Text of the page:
• In an election law case, Gill v. Whitford, the court will decide the constitutionality of political gerrymandering, the common practice of the political party in power drawing the boundaries of legislative districts for partisan advantage. Though racial gerrymandering is unconstitutional, the courts have been reluctant to get involved in partisan gerrymandering because this has historically been deemed a legislative matter. In recent years, however, with the advent of computer technology, these redistricting lines have been drawn with such precision, that the party in power can still maintain political control, even if its members represent a clear minority of voters in the state. The Democratic Party is now posing as an opponent of gerrymandering, which it has employed enthusiastically when in power, because Republicans currently control far more state governments and are using gerrymandering to make this a permanent state of affairs.
• The civil rights case of Masterpiece Cake Shop v. Colorado involves a baker who refused to make a wedding cake for a same-sex couple. The baker, who opposes gay marriage on religious grounds, has asserted that to compel him to do so would be in violation of his First Amendment right of freedom of religion. In 2014 in Burwell v. Hobby Lobby the Supreme Court ruled that a corporation or business could deny their employees insurance coverage for birth control as long as the owners claimed their religious beliefs oppose contraception. This reactionary decision permitting business owners to impose their religious beliefs on their workers, is now being relied upon in the Masterpiece Cake Shop case to expand this ruling to cover the “right” of business owners to justify bigotry towards customers based on their religious beliefs.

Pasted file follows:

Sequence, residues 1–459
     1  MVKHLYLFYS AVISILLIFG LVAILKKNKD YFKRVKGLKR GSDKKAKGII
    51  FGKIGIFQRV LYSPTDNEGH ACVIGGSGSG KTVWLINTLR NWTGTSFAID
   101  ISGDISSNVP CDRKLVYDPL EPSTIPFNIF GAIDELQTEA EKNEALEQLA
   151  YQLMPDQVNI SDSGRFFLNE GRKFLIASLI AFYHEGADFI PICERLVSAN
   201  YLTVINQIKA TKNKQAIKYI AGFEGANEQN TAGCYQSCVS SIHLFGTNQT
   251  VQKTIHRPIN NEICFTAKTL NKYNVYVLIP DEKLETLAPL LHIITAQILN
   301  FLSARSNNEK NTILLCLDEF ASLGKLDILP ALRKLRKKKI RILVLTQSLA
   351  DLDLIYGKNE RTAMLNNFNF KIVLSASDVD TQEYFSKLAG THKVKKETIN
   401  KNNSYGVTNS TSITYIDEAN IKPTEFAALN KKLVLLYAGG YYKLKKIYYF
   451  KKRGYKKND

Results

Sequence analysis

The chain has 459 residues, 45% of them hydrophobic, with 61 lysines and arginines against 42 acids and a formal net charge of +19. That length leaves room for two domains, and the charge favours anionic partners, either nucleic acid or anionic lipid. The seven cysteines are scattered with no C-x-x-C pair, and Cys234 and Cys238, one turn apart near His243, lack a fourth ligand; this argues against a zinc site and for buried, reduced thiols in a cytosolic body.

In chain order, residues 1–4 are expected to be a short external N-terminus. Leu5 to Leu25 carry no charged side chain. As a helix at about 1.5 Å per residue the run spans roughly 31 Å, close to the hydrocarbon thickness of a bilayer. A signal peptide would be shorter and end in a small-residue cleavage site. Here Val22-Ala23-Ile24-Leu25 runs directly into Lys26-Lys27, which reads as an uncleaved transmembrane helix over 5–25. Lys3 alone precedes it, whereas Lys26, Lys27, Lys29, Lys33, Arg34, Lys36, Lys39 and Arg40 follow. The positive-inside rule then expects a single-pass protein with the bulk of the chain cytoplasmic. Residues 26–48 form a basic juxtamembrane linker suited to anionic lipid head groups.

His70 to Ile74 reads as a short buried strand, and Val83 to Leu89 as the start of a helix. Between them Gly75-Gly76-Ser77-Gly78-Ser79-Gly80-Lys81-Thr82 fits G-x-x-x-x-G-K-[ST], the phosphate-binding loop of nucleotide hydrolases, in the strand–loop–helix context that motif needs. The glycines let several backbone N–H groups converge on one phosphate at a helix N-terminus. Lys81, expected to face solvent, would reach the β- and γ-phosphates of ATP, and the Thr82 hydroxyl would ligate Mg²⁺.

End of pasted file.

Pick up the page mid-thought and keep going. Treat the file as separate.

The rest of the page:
• Carpenter v. United States is a case with significant implications for both privacy and government surveillance. Currently the police need a showing of probable cause to obtain the content of cellphone communications, but no such showing is necessary to obtain one’s cellphone records, such as those showing the time, place, and location of a cellphone user’s activity, as well as numbers dialed and received. What underlies this case is how the state has utilized advances in technology to obtain without limitation massive amounts of personal information about any individual they chose to target. This case has also has implications concerning ongoing litigation involving NSA metadata surveillance.
• In Janus v. AFSCME the court will consider whether public-sector unions may collect compulsory union dues from nonmembers. The Supreme Court previously considered a similar case, but deadlocked 4-4 after the death of Scalia, which meant it issued no decision, and a lower court ruling favorable to the unions was left to stand. Now that the court again has nine members, it will be able to decide this case, and it seems certain that Justice Gorsuch will join the court’s other conservatives and vote that it violates nonmembers’ First Amendment rights to compel them to pay union dues. Neither side in this case—ultra-right groups peddling “right-to-work” laws and union bureaucrats defending their incomes at the expense of the workers they are selling out—represents the interests of the working class.
The decisions ultimately reached by Supreme Court in each of these cases will have a profound impact on the rights and interests of the working class. Though one cannot forecast with legal precision the outcome of each, what can be predicted with political precision is that the US Supreme Court, composed of many of the most class conscious representatives of the ruling class, will ultimately decide all of these cases based upon what it believes will best serve the interests of the financial elite.
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[30 March 2016]